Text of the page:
Peritidal environments are often associated with lagoons, which are, strictly speaking, subtidal. In these, finer sediments and biological allochems are common. These may be heavily bioturbated.
- Normal marine waters with a narrow range of salinity
- Well oxygenated
- Support a wide range of organisms, hence diverse fauna and bioturbation.
Carbonate can be formed by:
- Direct precipitation, as in the ooid shoals of the Bahamas (right)
- Biogenically, as in reefs.
Subtidal environments have a marine fauna which is more diverse than in peritidal environments, and sediments are often bioturbated.
Subtidal environments can have a wide distribution of facies associated with both water depth and wave energy.
- Bioherms in high energy environments
- Ooid and skeletal shoals in high energy environment (right)
- Mud and pellet carbonate sands in protected lagoonal environments
Repetitive changes in sea level cause cyclic deposition on carbonate platforms, which can be readily identified in the field. For subtidal facies, relative water depth may be inferred by the relative abundance of shaley interbeds and the thickness of carbonate layers.
Bioherms:(reefs) are sediment systems built entirely from the organisms that call it a home. We see two varieties in the rock record:
Images of contemporary reefs often don't give a sense of a reef's potential scale. For that, see famous ancient reef deposits:
- Devonian coral-stromatoporoid reefs of the Canning region of West Australia.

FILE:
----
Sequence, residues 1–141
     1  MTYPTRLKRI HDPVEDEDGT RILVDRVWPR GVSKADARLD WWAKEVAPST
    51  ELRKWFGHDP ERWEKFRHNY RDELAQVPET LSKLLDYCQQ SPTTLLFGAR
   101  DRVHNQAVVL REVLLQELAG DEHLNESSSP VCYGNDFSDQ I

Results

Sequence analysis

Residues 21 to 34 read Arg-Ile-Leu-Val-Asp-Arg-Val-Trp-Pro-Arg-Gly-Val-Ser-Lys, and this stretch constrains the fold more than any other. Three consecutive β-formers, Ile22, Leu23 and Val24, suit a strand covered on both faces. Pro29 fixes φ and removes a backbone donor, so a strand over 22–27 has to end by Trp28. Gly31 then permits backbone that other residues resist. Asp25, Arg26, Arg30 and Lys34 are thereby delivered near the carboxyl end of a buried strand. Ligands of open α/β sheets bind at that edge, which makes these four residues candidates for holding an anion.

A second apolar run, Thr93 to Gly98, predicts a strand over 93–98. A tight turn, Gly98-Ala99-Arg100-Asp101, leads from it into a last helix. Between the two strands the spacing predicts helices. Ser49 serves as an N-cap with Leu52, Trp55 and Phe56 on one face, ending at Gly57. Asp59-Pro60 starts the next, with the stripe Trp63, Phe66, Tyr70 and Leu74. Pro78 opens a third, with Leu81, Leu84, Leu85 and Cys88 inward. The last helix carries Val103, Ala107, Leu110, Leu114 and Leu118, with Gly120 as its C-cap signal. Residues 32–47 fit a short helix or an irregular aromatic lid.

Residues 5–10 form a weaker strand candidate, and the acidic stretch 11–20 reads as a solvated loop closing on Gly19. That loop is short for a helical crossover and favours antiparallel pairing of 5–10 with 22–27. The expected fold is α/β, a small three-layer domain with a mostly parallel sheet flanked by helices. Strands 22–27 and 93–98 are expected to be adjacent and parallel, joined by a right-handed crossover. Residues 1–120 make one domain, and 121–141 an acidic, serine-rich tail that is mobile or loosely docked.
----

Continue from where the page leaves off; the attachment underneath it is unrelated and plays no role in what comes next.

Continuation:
- Permian Guadalupe Reef, at Guadalupe Mountains National Park, TX.
- Forereef: Sediment shed off of the reef front (includes reef slope and proximal talus)
- Reef framework and crest: The densest zone of in situ framework growth. The crest receives the most wave energy.
- Backreef: Including reef flat, backreef sands, and lagoonal muds. Sheltered from wave energy by reef front.
The architects of reefs (framework builders) include:
- Algae -(Calcareous algae with and without soft tissue.)
- Early-Middle Cambrian: Archeocyathids (shelled sponges, in essence)
- Silurian - Devonian: Rugose and tabulate corals and stromatoporoids.
- Permian: Sponges.
- Cretaceous: Rudist clams
- Cenozoic: Scleractinian corals.
Thus largely due to mass extinction, the types of framework builders in reefs have changed through time. Indeed, large chunks of the Phanerozoic (Carboniferous, Triassic - Jurassic) were largely reef-free.
The primary deposition of calcite or aragonite is sensitive to the ratio of Mg/Ca, as aragonite can accommodate more Mg through cation substitution. Normal ocean environments are very close to the boundary, such that minor changes result in global shifts in carbonate deposition. Thus, Earth history has seen alternations between periods of aragonite seas and calcite seas. These, reflect rates of sea floor spreading and are indirectly connected to ocean current circulation:
- Calcite seas: During intervals of rapid sea floor spreading:
- hydrothermal activity near spreading zones pumps Ca into the oceans, but tend to withdraw Mg through hydrothermal reactions with ocean bedrock. Thus, oceans are Mg-poor and primary deposition is of low-Mg calcite.
- Because sea floor bedrock is warmer, these also tend to be intervals of higher sea level
- resulting in unrestricted tropical circulation and greenhouse conditions. (E.G. Cretaceous).
- Aragonite seas: During intervals of slow sea floor spreading:
- Oceanic concentrations of Ca are lower and Mg are higher, favoring aragonite and high-Mg calcite deposition.
- Because sea floor bedrock is cooler, these tend to be intervals of lower sea levels.
- resulting in restricted tropical circulation and deviation of ocean currents toward the poles, resulting in ice-house conditions. (E.G. Carboniferous).